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The Politics of Policy Inquiry Commissions: Denmark and Norway, 1971-2017

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Policy inquiry commissions are widely used in policy-preparation processes across Europe and beyond. While previous research has primarily focused on commissions as expert bodies and corporatist arrangements, this study investigates whether political factors affect a political incumbent's decision to establish commissions. The hypothesis is that incumbent parties are more likely to appoint commissions under certain political conditions – i.e. depending on parliamentary strength, government colour and government composition – and when certain policy issues are salient on the policy agenda of the government and the opposition. The study uses a novel dataset that combines more than 2000 commission appointments in Norway and Denmark between 1971 and 2017 with party manifesto and electoral study data to test the expectations. The agenda perspective is partly sustained, and the study shows that minority governments, left-leaning governments, and coalition governments appoint commissions more extensively than their counterparts, although the results differ slightly in the two countries.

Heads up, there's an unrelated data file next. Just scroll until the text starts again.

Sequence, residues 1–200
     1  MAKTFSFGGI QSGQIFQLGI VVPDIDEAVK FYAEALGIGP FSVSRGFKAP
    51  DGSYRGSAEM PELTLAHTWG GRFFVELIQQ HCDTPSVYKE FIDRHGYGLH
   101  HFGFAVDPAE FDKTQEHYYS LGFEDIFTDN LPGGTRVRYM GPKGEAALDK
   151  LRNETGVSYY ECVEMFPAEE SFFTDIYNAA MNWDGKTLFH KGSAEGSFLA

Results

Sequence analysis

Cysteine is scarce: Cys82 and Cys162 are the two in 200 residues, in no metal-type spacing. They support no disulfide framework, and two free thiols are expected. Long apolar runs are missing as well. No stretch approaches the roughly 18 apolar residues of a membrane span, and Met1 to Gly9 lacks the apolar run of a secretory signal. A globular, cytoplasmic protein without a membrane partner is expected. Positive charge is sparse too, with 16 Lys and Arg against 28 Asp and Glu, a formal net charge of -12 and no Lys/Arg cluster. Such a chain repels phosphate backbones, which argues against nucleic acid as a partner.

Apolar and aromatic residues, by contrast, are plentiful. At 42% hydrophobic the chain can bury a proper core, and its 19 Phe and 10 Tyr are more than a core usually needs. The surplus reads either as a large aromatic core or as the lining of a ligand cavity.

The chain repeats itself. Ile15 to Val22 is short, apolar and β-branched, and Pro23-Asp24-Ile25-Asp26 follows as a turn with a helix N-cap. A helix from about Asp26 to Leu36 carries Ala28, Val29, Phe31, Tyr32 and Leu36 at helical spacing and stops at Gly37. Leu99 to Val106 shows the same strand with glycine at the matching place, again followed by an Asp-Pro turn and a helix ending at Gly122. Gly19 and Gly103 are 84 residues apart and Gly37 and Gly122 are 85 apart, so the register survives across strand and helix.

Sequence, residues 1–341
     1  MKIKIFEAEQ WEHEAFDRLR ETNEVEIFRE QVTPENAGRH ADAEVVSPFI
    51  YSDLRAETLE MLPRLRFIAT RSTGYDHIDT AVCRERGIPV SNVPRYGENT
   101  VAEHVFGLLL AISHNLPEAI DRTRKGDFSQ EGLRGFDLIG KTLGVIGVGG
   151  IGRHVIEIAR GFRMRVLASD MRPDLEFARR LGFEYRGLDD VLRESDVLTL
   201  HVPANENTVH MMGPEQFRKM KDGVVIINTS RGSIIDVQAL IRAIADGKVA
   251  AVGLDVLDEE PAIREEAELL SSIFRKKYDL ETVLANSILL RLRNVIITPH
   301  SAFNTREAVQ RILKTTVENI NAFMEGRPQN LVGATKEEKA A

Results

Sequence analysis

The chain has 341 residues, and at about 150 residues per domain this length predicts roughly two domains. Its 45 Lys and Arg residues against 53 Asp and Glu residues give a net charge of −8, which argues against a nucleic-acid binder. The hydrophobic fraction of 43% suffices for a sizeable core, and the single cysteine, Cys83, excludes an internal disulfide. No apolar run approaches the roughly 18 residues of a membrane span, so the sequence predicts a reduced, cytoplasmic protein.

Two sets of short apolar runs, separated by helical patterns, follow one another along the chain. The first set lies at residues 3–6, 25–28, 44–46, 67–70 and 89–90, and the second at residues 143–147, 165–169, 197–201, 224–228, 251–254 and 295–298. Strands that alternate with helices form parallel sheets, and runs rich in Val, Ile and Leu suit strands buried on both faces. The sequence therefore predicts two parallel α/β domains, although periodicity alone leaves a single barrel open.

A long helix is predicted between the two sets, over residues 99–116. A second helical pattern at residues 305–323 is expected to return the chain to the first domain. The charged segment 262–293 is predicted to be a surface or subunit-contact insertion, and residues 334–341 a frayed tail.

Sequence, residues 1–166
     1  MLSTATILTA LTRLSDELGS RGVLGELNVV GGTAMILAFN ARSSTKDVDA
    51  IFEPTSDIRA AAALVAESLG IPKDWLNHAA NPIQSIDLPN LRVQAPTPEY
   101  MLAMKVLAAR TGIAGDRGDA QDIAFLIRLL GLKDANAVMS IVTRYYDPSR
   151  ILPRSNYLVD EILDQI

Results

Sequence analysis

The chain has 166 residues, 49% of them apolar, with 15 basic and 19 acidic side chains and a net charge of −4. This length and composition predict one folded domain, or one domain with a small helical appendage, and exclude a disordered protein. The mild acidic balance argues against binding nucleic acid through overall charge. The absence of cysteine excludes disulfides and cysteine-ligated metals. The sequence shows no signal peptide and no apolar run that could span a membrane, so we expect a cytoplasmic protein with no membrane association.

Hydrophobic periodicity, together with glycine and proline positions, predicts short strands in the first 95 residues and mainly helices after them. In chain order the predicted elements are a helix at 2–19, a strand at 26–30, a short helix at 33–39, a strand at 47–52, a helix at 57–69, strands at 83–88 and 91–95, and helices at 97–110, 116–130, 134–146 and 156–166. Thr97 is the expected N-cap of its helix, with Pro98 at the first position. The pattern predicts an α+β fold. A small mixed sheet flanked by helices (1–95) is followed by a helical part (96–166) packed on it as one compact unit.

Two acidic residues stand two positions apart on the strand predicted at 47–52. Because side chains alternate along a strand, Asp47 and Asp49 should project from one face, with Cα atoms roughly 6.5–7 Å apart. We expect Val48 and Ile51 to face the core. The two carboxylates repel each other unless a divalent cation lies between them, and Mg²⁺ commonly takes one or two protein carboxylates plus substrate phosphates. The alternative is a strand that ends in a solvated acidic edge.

Original languageEnglish
JournalWest European Politics
Pages (from-to)430-454
Number of pages25
Publication statusPublished - 2022

    Research areas

  • Denmark, Norway, Policy inquiry, commissions, policy advice, policy agendas

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